Mark Whitehead 22 June 2015

Benefits cap to 'make many areas off-limits for larger families'

Benefits cap to make many areas off-limits for larger families image

Many parts of England will become too expensive for larger families on benefits when the benefit cap is lowered, according to the Chartered Institute of Housing (CIH).

It says the £110 a week allowance for couples with three children would not be enough to meet the average rent for a three-bedroom housing association home anywhere in the Midlands or south of England and many areas in the north.

CIH’s UK Housing Review analyses the amount of money that couples will have left to pay their housing costs if they are affected by the cap.

It says families would be unable to turn to the private rented sector because it is more expensive. Figures from the Valuation Office Agency show that the rent for a three-bedroom home is at least £500 per month in every region of England.

The Government announced it would be going ahead with proposals to reduce the benefit cap from £26,000 to £23,000 or £440 a week for families with children in the Queen’s Speech last month, as part of the Full Employment and Welfare Benefits Bill.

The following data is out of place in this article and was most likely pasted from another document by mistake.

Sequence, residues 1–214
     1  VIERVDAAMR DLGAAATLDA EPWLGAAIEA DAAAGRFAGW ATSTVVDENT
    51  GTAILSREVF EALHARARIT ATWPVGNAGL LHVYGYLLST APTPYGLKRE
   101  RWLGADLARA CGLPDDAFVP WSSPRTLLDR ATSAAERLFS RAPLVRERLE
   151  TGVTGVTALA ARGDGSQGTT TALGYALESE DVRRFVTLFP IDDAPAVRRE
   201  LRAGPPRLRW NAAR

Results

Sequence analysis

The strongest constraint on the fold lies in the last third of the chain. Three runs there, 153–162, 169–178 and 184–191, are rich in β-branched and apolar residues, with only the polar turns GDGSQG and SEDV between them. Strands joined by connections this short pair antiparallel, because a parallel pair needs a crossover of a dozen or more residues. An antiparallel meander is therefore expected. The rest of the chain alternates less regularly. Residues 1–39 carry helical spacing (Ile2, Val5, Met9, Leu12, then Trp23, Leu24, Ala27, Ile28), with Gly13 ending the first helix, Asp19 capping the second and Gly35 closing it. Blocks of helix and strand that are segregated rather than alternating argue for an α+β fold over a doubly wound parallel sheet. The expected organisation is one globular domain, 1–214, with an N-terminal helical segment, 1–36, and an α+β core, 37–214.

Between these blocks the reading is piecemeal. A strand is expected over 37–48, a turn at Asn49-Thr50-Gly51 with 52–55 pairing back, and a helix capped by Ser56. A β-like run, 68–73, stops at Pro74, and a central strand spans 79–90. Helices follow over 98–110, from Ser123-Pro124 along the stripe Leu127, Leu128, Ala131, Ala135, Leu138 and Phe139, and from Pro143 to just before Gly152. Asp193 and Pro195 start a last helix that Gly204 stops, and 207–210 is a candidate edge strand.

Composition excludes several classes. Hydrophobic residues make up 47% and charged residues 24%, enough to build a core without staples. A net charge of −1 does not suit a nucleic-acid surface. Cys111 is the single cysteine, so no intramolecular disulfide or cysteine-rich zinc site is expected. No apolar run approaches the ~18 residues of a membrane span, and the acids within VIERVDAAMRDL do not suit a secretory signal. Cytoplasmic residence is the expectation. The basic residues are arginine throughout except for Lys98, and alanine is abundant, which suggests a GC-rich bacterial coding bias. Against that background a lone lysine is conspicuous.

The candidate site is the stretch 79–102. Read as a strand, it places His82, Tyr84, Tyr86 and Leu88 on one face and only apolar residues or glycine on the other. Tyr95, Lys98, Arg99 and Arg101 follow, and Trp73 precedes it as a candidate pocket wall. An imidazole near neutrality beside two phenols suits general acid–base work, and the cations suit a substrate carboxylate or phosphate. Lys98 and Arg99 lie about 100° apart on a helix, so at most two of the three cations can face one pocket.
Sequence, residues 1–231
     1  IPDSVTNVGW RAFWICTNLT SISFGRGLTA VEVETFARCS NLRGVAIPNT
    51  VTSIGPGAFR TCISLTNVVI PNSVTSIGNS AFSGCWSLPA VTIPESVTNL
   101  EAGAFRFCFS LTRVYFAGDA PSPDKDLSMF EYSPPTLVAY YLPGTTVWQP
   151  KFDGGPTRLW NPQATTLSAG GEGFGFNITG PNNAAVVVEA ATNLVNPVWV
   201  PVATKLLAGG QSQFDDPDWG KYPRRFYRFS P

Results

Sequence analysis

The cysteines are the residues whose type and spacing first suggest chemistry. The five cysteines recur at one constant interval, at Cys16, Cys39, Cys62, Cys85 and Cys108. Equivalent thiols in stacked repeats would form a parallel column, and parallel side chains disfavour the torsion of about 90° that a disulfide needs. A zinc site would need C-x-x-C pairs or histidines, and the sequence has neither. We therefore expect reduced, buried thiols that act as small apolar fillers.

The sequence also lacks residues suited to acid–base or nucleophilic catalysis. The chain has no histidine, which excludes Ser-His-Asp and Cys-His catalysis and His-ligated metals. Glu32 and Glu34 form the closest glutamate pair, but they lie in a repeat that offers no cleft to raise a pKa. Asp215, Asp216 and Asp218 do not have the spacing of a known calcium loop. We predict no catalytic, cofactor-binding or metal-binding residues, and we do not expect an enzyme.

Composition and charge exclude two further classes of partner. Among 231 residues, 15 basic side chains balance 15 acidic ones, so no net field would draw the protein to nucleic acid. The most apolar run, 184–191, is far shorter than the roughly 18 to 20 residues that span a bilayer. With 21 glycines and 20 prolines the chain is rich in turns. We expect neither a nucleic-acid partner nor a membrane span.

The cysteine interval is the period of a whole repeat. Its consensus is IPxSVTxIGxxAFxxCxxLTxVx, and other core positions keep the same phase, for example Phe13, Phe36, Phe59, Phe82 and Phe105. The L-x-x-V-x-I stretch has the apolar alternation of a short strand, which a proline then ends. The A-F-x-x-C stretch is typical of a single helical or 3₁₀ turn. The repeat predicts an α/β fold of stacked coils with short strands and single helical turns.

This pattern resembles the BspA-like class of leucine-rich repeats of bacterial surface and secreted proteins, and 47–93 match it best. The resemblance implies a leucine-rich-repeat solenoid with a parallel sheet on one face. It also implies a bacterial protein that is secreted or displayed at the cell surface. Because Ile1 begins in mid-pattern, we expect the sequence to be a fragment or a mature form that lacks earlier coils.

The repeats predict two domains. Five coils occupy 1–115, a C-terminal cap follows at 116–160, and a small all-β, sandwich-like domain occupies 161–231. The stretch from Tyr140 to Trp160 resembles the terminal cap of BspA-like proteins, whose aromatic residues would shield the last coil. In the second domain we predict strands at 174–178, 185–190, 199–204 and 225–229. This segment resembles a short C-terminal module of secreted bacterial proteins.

The latest figures show that 23,000 households are subject to the current limit and CIH says the reduced cap could quadruple that number.

CIH deputy chief executive Gavin Smart said: 'Our UK Housing Review briefing shows that lowering the cap would make huge swathes of the country unaffordable for larger families on benefits.

'Where will these people go? Being forced to move large distances away will make it even harder to find work, because they could be cut off from the support network they rely on for childcare for example.'

A spokesperson from the Department for Work and Pensions said: ‘This type of scaremongering happened when the cap was first introduced – when in fact over 22,000 people who had their benefits capped moved into work, reduced their housing benefit claim or are no longer claiming housing benefit at all.

‘As well as restoring fairness to the system, the benefit cap provides a clear incentive for people to get into work.’

Photo: Paul Maguire /

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